Definitions

Mother Hubbard

Old Mother Hubbard

"Old Mother Hubbard" is a nursery rhyme. Speculative claims have been made that this had to do with Thomas Cardinal Wolsey refusing Henry VIII's divorce from Queen Catherine of Aragon, or even that it was referring to a large trebuchet, but those have been disputed.

This nursery rhyme was printed 1805 as The Comic Adventures of Old Mother Hubbard and Her Dog. It was written by Sarah Catherine Martin (1768-1826), but based on earlier material of unknown origin (the name is attested from 1591). The first 2 stanzas are likely older than the others, because they use a different meter. The book was immediately popular, possibly in part because it was handy for political commentary (a practice that continues to this day).

Rhyme

Old Mother Hubbard
Went to the cupboard,
To fetch her poor dog a bone.
But when she got there,
The cupboard was bare,
And so the poor dog had none.

She went to the fishmonger's
To buy him some fish;
But when she came back,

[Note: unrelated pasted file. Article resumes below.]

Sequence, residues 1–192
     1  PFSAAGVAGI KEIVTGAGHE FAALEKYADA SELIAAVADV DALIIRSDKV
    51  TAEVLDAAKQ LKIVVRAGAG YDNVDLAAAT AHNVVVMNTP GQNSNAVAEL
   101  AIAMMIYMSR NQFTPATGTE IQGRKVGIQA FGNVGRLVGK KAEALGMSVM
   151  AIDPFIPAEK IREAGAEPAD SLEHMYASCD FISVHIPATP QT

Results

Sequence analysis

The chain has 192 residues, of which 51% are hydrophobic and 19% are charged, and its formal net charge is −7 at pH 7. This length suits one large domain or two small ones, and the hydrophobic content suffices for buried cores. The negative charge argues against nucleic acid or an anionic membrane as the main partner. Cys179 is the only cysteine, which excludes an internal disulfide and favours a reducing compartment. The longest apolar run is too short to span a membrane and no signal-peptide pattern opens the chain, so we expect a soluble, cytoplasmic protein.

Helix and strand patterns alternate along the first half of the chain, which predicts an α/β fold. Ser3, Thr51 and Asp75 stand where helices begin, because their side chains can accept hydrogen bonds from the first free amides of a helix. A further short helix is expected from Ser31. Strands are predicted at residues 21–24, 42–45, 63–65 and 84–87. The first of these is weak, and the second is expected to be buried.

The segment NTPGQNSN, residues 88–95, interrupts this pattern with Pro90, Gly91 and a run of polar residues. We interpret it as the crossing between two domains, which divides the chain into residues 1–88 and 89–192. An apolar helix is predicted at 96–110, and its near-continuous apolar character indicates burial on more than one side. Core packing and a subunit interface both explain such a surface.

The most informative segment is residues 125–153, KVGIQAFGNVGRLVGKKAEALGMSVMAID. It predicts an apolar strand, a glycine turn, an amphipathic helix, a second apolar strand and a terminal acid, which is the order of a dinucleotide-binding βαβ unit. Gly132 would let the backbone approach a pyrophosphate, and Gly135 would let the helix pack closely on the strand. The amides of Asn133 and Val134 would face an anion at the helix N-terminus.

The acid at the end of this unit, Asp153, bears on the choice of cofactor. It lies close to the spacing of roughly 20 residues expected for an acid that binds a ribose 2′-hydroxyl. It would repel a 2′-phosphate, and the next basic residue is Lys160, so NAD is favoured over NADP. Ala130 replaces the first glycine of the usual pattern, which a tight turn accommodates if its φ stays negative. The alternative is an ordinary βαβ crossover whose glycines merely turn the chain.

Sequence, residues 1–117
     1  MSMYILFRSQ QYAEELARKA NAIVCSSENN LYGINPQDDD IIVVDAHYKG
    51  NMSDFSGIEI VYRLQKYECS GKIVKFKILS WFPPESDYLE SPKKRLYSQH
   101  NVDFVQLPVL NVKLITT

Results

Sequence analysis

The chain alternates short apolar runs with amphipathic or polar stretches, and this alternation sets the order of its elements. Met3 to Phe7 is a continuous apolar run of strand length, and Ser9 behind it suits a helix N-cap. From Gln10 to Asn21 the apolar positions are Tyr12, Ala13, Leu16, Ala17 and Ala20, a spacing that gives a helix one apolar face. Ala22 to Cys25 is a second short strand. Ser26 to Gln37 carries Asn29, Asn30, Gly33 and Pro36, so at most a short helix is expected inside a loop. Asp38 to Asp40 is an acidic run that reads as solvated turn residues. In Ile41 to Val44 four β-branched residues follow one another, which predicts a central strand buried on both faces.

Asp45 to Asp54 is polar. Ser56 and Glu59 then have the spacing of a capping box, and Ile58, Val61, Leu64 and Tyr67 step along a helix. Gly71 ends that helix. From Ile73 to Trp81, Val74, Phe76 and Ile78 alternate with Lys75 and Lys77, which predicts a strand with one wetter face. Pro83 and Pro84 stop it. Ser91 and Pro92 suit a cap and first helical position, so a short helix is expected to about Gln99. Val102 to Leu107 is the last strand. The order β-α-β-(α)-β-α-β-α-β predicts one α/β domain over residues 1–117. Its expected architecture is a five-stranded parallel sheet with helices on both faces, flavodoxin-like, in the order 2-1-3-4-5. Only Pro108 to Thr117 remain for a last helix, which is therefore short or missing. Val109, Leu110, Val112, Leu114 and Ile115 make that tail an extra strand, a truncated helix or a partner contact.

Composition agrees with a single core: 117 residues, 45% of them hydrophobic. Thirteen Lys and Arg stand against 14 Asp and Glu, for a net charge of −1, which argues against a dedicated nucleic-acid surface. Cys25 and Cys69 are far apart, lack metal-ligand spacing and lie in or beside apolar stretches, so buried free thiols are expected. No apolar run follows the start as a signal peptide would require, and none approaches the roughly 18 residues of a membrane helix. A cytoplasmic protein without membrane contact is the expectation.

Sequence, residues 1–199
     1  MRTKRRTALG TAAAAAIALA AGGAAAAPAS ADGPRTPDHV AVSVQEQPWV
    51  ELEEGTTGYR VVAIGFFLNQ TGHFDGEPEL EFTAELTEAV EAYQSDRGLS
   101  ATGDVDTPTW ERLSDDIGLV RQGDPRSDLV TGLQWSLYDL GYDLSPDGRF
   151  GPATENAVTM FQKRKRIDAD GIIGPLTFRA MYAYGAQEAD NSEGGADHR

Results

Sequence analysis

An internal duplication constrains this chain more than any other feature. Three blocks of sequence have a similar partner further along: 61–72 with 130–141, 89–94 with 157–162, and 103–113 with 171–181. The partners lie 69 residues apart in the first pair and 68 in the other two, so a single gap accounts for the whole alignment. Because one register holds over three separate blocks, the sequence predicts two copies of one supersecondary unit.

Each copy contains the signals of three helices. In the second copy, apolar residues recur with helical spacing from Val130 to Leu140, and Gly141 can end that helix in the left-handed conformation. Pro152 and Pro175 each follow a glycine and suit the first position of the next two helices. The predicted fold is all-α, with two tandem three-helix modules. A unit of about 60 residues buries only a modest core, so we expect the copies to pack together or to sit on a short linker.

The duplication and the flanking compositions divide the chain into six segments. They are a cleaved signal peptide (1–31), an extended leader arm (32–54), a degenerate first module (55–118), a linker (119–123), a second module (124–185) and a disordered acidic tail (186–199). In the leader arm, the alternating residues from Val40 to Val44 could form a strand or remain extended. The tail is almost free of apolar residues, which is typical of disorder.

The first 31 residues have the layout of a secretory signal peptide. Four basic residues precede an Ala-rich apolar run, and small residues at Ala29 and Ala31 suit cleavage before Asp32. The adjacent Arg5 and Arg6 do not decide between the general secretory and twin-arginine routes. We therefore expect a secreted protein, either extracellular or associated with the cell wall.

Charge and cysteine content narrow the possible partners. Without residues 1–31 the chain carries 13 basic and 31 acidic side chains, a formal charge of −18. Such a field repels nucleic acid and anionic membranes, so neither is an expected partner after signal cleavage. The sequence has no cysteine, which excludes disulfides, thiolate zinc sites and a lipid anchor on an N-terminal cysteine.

He was licking the dish.
She went to the grocer's
To buy him some fruit;
But when she came back,
He was playing the flute.

(whistle solo)

She went to the cobbler's
To buy him some shoes;
But when she came back,
He was reading the news!

Alternate version

Old Mother Hubbard
Went to the cupboard,
To fetch her poor dog a bone.
But when she got there,
The cupboard was bare,
And so the poor dog had none.

She went to the baker's
To buy him some bread.
But when she came back,
The dog was dead.

She went to the undertaker's
To buy him a coffin.
But when she came back,
The dog was laughing.

The dame made a curtsey,
The dog made a bow.
The dame said "Your servant",
The dog said "Bow-wow".

References

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